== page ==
Mason Manville (77 kg, TMWC/NLWC) — At the Bill Farrell Memorial in November ’19, Manville basically sheared his groin in half during a match with newly-crowned Olympic Team member Jesse Porter (NYAC/NTS). It was a gruesome injury and everyone inside of the gymnasium heard it happen. Hard to miss, something like that. Manville, a Penn Stater, eventually required a lot of time off the mat, and the only silver lining involved is that it allowed him the opportunity to even compete in the the Olympic Trials given the event’s postponement. Seeded sixth, for whatever reason, Manville started off with Smith, who got the nod 2-1, and in his first match on the backside was ousted by RaVaughn Perkins (NYAC). 0-2 is not a record anyone would expect from ’17 World Team member Manville, whose competitiveness is legendary. But it was so good to have him back that how he finished is secondary to his being able to wrestle in the first place.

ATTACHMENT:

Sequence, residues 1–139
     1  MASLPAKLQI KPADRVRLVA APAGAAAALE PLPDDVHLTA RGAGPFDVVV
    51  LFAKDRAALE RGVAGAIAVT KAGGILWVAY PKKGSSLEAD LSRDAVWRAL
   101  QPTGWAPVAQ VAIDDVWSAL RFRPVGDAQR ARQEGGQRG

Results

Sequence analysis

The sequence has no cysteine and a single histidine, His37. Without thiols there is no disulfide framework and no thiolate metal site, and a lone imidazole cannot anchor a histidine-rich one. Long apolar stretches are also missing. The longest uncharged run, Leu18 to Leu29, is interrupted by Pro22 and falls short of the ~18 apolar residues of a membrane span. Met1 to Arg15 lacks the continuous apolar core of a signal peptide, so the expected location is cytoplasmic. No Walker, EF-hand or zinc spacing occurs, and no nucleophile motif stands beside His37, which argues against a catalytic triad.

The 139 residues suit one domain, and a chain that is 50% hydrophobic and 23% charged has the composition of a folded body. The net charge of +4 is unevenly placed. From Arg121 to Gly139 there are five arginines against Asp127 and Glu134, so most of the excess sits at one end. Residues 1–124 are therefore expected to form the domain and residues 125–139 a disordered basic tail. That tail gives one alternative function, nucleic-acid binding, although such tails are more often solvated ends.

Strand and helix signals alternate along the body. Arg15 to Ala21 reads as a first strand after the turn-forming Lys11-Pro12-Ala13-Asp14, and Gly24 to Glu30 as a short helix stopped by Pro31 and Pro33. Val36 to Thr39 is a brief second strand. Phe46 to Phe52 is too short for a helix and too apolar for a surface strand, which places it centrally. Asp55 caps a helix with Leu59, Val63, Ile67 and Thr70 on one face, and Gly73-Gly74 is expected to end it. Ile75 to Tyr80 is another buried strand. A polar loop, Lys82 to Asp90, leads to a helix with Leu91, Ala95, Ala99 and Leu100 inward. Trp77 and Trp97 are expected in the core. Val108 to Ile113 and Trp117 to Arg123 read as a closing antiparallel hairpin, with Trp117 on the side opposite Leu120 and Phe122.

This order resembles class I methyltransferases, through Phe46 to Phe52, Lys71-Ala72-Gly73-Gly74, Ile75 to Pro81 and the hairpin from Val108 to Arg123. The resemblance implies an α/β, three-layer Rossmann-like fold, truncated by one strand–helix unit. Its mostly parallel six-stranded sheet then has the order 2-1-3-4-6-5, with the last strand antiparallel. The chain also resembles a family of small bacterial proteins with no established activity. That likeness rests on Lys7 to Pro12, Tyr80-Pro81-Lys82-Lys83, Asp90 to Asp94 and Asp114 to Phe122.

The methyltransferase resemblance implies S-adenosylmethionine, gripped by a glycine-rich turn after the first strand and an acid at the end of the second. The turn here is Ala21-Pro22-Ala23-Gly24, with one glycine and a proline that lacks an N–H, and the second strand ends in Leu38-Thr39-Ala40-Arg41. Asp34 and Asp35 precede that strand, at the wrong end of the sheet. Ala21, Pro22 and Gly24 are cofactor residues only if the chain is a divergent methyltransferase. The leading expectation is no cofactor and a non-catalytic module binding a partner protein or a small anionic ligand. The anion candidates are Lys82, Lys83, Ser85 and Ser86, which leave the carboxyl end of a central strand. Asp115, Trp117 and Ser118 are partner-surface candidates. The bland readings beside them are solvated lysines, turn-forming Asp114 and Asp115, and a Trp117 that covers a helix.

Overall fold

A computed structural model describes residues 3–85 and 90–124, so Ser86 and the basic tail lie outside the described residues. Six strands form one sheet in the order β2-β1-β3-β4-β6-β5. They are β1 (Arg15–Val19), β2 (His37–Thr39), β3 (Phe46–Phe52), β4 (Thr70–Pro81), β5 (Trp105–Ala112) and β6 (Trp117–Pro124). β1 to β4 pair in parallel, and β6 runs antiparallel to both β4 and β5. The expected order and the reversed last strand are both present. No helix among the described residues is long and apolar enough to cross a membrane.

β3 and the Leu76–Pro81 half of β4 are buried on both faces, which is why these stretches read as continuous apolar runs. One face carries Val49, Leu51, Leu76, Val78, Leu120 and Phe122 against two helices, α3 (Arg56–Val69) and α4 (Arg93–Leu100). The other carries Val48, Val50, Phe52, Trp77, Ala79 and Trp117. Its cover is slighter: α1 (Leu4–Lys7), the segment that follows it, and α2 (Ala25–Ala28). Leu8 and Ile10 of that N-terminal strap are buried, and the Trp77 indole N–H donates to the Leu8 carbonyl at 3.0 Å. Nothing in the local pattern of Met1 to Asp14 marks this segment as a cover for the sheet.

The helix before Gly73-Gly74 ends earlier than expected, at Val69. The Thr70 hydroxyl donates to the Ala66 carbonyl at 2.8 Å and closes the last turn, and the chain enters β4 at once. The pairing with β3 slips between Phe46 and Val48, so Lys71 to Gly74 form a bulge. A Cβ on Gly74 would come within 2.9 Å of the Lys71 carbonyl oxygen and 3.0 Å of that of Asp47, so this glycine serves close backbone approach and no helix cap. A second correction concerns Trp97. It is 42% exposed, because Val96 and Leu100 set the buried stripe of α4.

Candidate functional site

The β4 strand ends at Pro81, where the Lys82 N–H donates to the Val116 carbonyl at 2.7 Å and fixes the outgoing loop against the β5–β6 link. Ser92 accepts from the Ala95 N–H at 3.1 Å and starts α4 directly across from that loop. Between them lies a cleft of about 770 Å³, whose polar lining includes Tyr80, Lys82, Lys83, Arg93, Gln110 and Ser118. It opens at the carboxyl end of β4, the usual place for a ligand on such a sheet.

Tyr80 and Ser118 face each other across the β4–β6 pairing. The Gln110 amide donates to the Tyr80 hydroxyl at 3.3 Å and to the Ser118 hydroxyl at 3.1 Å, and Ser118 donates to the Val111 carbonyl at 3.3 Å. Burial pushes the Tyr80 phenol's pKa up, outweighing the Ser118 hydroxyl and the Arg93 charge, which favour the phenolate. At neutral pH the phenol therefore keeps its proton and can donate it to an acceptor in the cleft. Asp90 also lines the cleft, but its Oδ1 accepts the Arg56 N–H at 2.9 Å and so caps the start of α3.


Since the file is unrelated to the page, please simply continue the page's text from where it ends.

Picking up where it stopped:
Nick Boykin (97 kg, Sunkist/Ohio RTC) — There is no way Boykin is sitting somewhere pleased with having just missed out on making the best-of-three, especially after earning an enormous win over two-time National Champion Daniel Miller (Marines) that meant advancement into the Challenge Tournament final. Again, no way. And Boykin is likely even less-thrilled with dropping said final to somewhat-recent rival Braxton Amos (Wisconsin RTC), or getting tech’ed by Luke Sheridan (Army/WCAP) for “true second”. But — the Olympic Trials is the best Boykin has ever looked, and the best he has ever wrestled. At least with people watching, and a lot of them were. He had fire in his eyes going into every round, making sound positional decisions that also demonstrated his previously underrated total athletic ability. This weight category absolutely needs Boykin heading into the next quad, and he provided proof that he’s ready to make an even larger impact going forward. What an impressive tournament if you look closely enough.